When your tires are cupping, it means the outer edges of the tread of the tire have become more worn than the center. This is different from feathering, which happens when both outside and inside edges of your tire tread are worn down.
What does this mean for you? Typically you will be able to see and feel it as a rough ride. If you look closely at a cupped tire, it will appear to have a smooth cup-like section where the outer edges of each tread meet, while the center remains normal.
The uneven wear that cupping causes is the result of out-of-balance wheels or worn shocks and struts.
- If your wheels are unbalanced, you may need to have a mechanic rebalance them. You may also need to replace one or more tires if they’re excessively worn.
- Shocks and struts wear out on most cars after about 50,000 miles. If you notice that your car is bouncing around a lot when driving over potholes or other bumps in the road (and you don’t live in San Francisco, where potholes are a way of life), get new shocks and struts as soon as possible.
If you notice your tires are cupping, it’s time to check for unbalanced wheels or worn shocks and struts.
How to tell if your tires are cupped
Cupping occurs with each tire revolution, so you’ll have to watch for it when your vehicle is moving. Since the wear pattern on the tire can be subtle, you may have to look closely or get down and examine the surface of the tire more closely. If you notice that your tread has a worn, rounded appearance along its edge, then your tires are cupping.
When you know what cupping looks like, check all four of your tires for this unique wear pattern. If each one exhibits a cup-shaped pattern, it’s likely that there’s an underlying problem with their alignment or suspension system.
Wheel balancing involves placing lead weights on your wheel to balance out any imbalance in weight.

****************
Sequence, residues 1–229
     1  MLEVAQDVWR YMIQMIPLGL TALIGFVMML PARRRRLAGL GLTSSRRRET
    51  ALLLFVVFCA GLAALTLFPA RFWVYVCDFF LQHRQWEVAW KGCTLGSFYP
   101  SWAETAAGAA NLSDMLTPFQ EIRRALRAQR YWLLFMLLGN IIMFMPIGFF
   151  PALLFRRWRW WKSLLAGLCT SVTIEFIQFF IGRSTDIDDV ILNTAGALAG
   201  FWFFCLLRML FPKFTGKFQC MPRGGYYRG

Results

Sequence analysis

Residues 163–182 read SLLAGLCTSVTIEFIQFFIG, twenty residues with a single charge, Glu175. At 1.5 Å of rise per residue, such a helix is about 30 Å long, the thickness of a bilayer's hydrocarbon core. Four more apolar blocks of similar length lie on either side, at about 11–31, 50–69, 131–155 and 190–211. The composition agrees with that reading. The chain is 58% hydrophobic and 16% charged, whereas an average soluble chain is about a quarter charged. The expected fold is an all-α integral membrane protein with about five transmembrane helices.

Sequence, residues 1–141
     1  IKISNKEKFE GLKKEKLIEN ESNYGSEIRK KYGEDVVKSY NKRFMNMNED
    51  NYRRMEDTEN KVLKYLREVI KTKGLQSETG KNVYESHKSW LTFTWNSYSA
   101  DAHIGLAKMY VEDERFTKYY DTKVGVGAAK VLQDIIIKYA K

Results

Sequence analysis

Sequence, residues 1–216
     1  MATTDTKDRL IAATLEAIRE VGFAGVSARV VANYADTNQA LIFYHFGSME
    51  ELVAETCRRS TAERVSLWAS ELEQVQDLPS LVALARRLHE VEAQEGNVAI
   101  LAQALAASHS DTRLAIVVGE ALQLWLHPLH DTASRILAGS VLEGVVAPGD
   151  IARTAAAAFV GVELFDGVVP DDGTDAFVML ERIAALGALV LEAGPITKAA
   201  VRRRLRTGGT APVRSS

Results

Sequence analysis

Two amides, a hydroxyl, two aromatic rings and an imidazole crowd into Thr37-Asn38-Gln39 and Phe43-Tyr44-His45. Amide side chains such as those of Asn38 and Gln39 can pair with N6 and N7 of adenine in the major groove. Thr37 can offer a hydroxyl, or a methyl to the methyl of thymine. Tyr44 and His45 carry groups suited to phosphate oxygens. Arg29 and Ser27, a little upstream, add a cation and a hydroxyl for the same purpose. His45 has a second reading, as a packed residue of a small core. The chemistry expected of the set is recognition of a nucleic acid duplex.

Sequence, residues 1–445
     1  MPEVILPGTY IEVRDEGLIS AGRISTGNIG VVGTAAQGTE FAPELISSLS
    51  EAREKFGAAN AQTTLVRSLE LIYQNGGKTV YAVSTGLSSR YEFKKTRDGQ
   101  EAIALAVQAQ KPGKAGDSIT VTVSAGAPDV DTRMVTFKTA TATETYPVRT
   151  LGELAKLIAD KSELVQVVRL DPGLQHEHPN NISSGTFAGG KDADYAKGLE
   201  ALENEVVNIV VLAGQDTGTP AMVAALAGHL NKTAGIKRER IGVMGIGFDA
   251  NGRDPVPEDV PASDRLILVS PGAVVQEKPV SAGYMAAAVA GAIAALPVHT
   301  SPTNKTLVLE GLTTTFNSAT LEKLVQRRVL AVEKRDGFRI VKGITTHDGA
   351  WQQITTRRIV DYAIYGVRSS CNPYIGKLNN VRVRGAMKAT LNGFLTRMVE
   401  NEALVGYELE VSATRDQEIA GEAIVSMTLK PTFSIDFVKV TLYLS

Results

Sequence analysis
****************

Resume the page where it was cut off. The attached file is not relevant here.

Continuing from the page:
Wheel balancing is a maintenance step that should be performed at least once a year, and could pay dividends in the long run by preventing further damage to your tires. If you’re interested in performing wheel balancing on your own, there are several do-it-yourself kits available online (as well as tutorials), but it’s generally recommended that wheel balancing be performed by a mechanic or other trained professional.
Wheel balancing is often confused with wheel alignment (also called front end alignment), which involves adjusting the angle of the wheels so they can make smooth contact with the road. When you drive over rough terrain, or hit potholes or speed bumps, your wheels’ angles can become misaligned—but even if they’re aligned properly, your car may still need to be balanced.
Wheel balancing involves placing lead weights on your wheel to balance out any imbalance in weight (i.e., one area of the tire being heavier than another). An out-of-balance tire can create an uncomfortable vibration while driving—not only is this unpleasant for everyone involved, but it also takes more force from the engine to keep the car moving forward. This results in decreased gas mileage and increased wear and tear on your vehicle’s transmission.
If balancing does not improve the problem, you may need to replace your shocks or struts.